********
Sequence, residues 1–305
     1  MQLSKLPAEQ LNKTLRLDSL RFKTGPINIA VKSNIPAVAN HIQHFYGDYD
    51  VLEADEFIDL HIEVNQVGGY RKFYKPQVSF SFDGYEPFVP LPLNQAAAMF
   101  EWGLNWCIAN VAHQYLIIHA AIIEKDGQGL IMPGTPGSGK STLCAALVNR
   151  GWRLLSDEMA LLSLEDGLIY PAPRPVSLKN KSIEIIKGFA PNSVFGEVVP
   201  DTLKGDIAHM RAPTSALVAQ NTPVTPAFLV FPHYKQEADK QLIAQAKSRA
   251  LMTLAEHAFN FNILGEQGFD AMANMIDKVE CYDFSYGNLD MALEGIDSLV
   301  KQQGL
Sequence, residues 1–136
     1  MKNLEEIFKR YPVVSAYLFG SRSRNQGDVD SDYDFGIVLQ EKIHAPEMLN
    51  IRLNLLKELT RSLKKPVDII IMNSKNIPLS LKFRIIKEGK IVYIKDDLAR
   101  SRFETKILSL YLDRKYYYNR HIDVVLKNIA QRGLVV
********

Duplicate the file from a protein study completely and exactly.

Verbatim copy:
Sequence, residues 1–305
     1  MQLSKLPAEQ LNKTLRLDSL RFKTGPINIA VKSNIPAVAN HIQHFYGDYD
    51  VLEADEFIDL HIEVNQVGGY RKFYKPQVSF SFDGYEPFVP LPLNQAAAMF
   101  EWGLNWCIAN VAHQYLIIHA AIIEKDGQGL IMPGTPGSGK STLCAALVNR
   151  GWRLLSDEMA LLSLEDGLIY PAPRPVSLKN KSIEIIKGFA PNSVFGEVVP
   201  DTLKGDIAHM RAPTSALVAQ NTPVTPAFLV FPHYKQEADK QLIAQAKSRA
   251  LMTLAEHAFN FNILGEQGFD AMANMIDKVE CYDFSYGNLD MALEGIDSLV
   301  KQQGL
Sequence, residues 1–136
     1  MKNLEEIFKR YPVVSAYLFG SRSRNQGDVD SDYDFGIVLQ EKIHAPEMLN
    51  IRLNLLKELT RSLKKPVDII IMNSKNIPLS LKFRIIKEGK IVYIKDDLAR
   101  SRFETKILSL YLDRKYYYNR HIDVVLKNIA QRGLVV